Kathi Goldmark: It all started with the Rock Bottom Remainders, a band of mostly very well-known authors.
In mid-March, Goldmark threw a record release party for Decca and the Dectones, to promote the cassette and CD release of their first release, with "Maxwell's Silver Hammer" and "Grace Darling," a favorite folksong from her childhood.
I work with a lot of authors, and I've also been a bar-band musician for about twenty years. Time after time, people would get in my car and ask, "what else do you do besides this?" I'd say, "Oh, I play in a little country and western band onThursday nights. They'd say, "Oh God, you're so lucky!"
After a while, I'd hear stories about people who had bands in high school and college, or always wanted to be in a band. I suddenly realized that I had enough players: a bass player, guitar player, and keyboard player to actually put a lineup together, and we started the Remainders. Of course, once Steven King became a Remainder it got to be a huge deal and a lot of publicity.
I started getting calls for the Rock Bottom Remainders to play at book festivals or little library benefits -- some regional thing where there was no possiblity that the folks putting it together could afford to bring us in. It occured to me that we could have talent shows that would be a lot simpler, easier and less expensive to put on. You'd hire a four or five piece house band and any author who wanted to could get up and sing a song, play guitar, or do whatever they wanted to do. You could run it sort of like an amateur hour, a talent show, or whatever.
Then I got a call from the Paris Review. They were putting on a 40th anniversary party in San Francisco and wanted a literary talent show. It happened that Maya Angelou was in town and I booked her. I was joking with her and said, "Oh, it's too bad you can't stay for another week; you could sing in my talent show." She has a spectacular voice. She said, "I can't possibly change my schedule -- but you know what, Decca will do it: she'll do anything." She picked up the phone and called Decca. "Decca, I'm calling to tell you I've bought you a scholarship. You're going to be in a talent show."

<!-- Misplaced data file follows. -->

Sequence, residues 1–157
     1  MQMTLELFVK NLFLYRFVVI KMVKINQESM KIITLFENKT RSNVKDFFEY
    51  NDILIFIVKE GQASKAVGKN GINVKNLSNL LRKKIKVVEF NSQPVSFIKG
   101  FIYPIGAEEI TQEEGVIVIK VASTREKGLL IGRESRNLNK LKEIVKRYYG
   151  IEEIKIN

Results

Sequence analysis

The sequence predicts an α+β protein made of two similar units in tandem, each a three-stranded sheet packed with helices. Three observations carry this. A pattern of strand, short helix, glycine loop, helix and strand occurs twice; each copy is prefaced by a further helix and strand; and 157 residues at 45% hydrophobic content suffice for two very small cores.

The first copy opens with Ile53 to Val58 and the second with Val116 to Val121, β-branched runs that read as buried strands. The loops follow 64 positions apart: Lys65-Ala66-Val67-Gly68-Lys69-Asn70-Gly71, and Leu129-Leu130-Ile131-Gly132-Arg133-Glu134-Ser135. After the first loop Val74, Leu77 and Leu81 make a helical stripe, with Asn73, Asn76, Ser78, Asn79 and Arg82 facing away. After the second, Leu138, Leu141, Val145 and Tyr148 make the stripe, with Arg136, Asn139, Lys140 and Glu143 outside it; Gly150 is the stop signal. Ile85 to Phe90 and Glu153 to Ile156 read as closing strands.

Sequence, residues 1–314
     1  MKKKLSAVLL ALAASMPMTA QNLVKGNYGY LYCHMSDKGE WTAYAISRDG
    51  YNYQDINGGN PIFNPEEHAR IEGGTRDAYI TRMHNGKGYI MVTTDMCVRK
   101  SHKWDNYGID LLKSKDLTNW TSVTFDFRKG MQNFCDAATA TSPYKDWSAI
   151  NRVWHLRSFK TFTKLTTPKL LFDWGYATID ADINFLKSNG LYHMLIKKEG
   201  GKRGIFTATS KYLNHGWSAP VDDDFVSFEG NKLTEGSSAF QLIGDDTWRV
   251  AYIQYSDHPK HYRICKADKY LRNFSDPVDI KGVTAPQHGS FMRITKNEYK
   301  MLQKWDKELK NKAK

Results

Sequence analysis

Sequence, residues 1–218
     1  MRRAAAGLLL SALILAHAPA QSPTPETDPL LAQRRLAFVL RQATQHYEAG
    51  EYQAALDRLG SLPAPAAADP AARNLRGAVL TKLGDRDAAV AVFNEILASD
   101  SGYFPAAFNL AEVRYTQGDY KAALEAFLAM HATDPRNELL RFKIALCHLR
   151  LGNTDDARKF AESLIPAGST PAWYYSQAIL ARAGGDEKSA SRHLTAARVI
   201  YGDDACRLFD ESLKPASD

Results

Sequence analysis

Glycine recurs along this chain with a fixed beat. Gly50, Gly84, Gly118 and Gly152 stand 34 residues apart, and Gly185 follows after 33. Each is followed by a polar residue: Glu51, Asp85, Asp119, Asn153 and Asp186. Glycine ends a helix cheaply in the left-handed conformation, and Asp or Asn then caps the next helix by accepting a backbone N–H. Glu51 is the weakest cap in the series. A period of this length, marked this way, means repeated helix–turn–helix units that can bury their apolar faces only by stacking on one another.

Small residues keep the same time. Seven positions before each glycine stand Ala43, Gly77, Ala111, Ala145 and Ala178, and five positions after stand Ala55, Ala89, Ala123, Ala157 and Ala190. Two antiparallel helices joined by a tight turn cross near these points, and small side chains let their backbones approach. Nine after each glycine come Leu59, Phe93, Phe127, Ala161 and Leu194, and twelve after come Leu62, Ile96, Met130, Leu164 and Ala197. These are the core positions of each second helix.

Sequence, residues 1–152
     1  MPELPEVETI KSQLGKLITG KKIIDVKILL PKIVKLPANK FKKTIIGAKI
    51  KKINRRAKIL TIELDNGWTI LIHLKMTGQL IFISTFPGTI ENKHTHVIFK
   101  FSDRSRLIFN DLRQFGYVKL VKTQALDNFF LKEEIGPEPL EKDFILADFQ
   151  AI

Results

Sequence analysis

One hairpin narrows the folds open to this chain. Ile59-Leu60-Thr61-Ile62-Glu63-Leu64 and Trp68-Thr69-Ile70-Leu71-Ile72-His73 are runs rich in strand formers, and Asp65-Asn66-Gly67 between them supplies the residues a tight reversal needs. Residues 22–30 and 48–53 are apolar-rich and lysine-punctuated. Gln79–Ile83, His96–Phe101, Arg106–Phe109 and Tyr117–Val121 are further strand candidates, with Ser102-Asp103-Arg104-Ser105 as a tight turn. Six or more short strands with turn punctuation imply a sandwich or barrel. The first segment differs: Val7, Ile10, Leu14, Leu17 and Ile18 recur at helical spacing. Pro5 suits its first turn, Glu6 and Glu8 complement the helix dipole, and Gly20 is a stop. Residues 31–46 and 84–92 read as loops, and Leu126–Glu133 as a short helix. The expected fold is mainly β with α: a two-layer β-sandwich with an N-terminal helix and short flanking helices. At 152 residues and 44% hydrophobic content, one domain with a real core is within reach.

She brought down the house. She was fabulous, just wonderful. And so we did it again last year at the San Francisco Book Festival. We did a Rock Bottom All-Star Review at Slims, and she was our headliner. Again there were hundreds of people there, screaming for her. She was the only performer who got an encore.
Then Maya Angelou was here again, and I was with her on her publicity rounds. We were going on about Decca and how much fun she was having being a rock star, and I said, "You know, you guys have been singing these songs around the piano for about thirty years. We should record the two of you doing that." She said, "Monday afternoon is good." Except I'm broke, don't have a studio booked, don't have musicians reserved, and don't know how I'm going to pull this off. That's going through my head and my mouth is saying, "Oh, fine, that'll be no problem."
We did make it work. She came into the studio right after reading her U.N. poem. Meanwhile, Decca has performed at Town Hall, at a thing for The Nation, andshe's opened for Cindy Lauper on the roof of the Virgin records megastore in San Francisco. That was literally on the roof, and to get from the top floor of the building onto the roof, you had to climb one of those portable stairways, but it was really not much more than a ladder. And here she is, this 77 year-old woman recovering from a broken ankle, scampering up that thing. It's just unbelievable she has so much energy.